- Greg Garber, Writer, Reporter
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WIMBLEDON, England -- For quite some time, the future of American tennis has been now.
Predictably, Venus and Serena Williams, Andy Roddick and, yes, even Mardy Fish reached the third round here at the All England Club. This is standard stuff, for they have been America's elite players for many years. But the core, at least in terms of tennis years, is aging.
Less than two weeks ago, Venus turned 29. Serena and Fish are 27, and Roddick will join them in late August. In recent years, it has been fashionable to wonder when the next generation of stars is going to emerge.
Late Thursday, as dusk descended at Wimbledon, a few answers emerged. After winning her first career Grand Slam match, 17-year-old Melanie Oudin from Marietta, Ga., won her second, a muscular three-set triumph over Yaroslava Shvedova. A little earlier, 21-year-old Jesse Levine of Boca Raton, Fla., reached the third round for the first time in a Grand Slam event with a terrific five-set win over Pablo Cuevas.
Since both Levine and Oudin had to qualify to reach the main draw, they are a perfect 10-0 here this fortnight as they step onto the courts Saturday for their third-round matches. Not bad for two athletes who are on the diminutive side. Oudin is 5-foot-6, 130 pounds and Levine is generously listed at 5-9, 150.
"This is a good start for us," said Patrick McEnroe, the USTA's general manager of player development. "What I like about both of them is they work extremely hard and maximize their capabilities. Yes, they're small, but they're smart and they know how to play the game."
They're also the biggest underdogs.
Levine, at No. 133, is the lowest-ranked player left in the men's draw, by far; Juan Carlos Ferrero is next at No. 70, but he won the French Open in 2003. According to Britain's Sky Bet, Levine is 100-1 to escape his quarter of the draw that includes No. 3 seed Andy Murray.
Oudin, for her part, is the lowest-ranked woman still alive, at No. 124. But after beating No. 29 seed Sybille Bammer in first round and then Yaroslava Shvedova in second, she will soon be ranked in the 90s, a career best.
When you are young and inexperienced, a player must sometimes rely on the kindness of strangers when it comes to making the main draw of a major. Wild cards are the coin of the realm, but when the USTA offered her a spot in December in its mini-tournament for a berth in the Australian Open, she declined. Oudin said she'd rather try to qualify -- and she did.
"It was important to me that I earn it," she said Friday. "And it worked out."
And though Oudin lost her first-round match to Akgul Amanmuradova, she managed to qualify here and, because of her new ranking, will likely gain direct admission to the U.S. Open.
Levine was born in Ottawa, Canada, but matriculated in Florida as a teenager and spent time at the Nick Bollettieri Academy. He went to the same high school in Boca Raton that Roddick and Fish had attended. He was runner-up in the USTA playoff for the French Open wild card, losing to John Isner in the final. But when Isner was diagnosed with mononucleosis, Levine was already entered in qualifying at Roland Garros, so he couldn't accept the free berth. Levine failed to qualify.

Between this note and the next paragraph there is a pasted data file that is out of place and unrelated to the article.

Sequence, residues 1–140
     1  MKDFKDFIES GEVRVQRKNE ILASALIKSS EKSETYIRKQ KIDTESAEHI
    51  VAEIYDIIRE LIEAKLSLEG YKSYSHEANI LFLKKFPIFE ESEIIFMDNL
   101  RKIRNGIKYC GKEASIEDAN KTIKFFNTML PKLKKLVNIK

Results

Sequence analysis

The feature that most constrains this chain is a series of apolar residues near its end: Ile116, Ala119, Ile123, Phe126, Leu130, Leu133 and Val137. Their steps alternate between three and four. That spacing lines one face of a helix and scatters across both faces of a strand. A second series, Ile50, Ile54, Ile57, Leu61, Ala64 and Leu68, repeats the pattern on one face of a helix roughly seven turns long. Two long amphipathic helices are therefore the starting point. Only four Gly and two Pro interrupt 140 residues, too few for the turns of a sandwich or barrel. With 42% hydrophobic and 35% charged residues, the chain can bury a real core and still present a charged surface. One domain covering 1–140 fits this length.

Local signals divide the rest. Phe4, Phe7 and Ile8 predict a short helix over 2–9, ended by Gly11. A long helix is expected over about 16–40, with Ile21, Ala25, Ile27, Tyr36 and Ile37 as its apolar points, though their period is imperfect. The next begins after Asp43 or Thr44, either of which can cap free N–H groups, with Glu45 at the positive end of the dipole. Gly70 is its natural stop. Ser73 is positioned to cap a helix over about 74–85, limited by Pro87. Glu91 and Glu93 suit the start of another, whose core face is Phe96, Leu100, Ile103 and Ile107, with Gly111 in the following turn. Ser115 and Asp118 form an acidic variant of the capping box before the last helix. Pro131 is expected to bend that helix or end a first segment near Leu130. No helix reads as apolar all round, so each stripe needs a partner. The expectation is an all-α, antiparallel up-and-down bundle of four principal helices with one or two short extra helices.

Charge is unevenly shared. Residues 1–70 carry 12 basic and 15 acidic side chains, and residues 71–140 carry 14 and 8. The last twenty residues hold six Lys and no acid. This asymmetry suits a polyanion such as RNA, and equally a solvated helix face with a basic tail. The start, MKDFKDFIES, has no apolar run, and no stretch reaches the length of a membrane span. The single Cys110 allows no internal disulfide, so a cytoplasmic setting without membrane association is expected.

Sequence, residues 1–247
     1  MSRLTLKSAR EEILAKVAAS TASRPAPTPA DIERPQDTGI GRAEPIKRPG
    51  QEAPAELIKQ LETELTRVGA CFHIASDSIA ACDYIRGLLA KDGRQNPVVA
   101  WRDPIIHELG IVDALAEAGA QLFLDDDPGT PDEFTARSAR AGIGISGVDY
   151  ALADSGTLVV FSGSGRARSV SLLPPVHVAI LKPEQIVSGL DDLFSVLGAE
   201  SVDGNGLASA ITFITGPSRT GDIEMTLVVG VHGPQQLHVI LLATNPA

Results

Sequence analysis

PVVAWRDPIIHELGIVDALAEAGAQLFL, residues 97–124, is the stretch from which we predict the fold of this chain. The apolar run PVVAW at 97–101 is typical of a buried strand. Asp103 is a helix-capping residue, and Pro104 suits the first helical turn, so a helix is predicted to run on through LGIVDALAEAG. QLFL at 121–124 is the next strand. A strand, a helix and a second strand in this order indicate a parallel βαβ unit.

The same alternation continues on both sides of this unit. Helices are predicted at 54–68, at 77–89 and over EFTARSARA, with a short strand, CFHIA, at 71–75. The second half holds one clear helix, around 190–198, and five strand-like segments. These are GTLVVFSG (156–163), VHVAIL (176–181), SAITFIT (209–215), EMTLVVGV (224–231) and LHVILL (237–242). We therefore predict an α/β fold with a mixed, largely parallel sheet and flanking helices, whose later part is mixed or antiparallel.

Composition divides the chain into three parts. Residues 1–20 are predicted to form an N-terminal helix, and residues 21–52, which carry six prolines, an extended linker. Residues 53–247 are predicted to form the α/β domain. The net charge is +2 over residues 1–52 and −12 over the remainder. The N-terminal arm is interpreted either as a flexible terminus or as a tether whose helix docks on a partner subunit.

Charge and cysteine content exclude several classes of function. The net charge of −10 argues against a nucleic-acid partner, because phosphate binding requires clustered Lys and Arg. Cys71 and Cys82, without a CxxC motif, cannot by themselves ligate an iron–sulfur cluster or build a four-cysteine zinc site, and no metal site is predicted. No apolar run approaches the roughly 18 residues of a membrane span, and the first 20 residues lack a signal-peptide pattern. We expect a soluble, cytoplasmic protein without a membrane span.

But something about the grass at Wimbledon agrees with his game. Last year, Levine qualified here and beat Donald Young in the first round. He played in the first five-set match of his career, but lost to Jurgen Melzer in the second round. A year later, Levine knocked off No. 14 seed Marat Safin in the first round and then played his second five-setter. This time he prevailed.
What was the difference?
Say hello to Sgt. Maj. Keith Williams, who spent some 30 years in the U.S. Marine Corps. He's worked with the USTA in training its young athletes and has spent the past two months traveling with Levine. His fitness level has increased but there has been a (minor) downside as well.
"We were running in the streets here in London, just one morning jogging, and he's singing Marine songs while we're running and everybody is staring at us," Levine said. "And I'm like, 'Oh, man, what is he doing?'
"And then all of a sudden out of nowhere, we're doing jumping jacks and push ups in the middle of the streets. But you know what? It's fun and I enjoy it."
After Wimbledon, Levine is heading to Camp Pendleton near San Diego for four or five days of intense training.
"Going to earn my dog tags," he said.
Levine, who had lost the only two ATP-level matches he had played this year, has suffered here only off the court. The hotel he booked for a few days after qualifying kicked him out. Now he's at a bed-and-breakfast in Wimbledon Village.
He could probably afford to buy a small flat for next year. Coming in, Levine had made only $36,539 this year, but he is already guaranteed prize money of 29,325 pounds -- the equivalent of $47,560
According to McEnroe, the biggest thing both players need to do is beef up their serves.
"It's nice to have a couple of youngsters still in it," McEnroe said. "We've got a long way to go, but it's a little bit of a pep in the step."
Greg Garber is a senior writer for ESPN.com.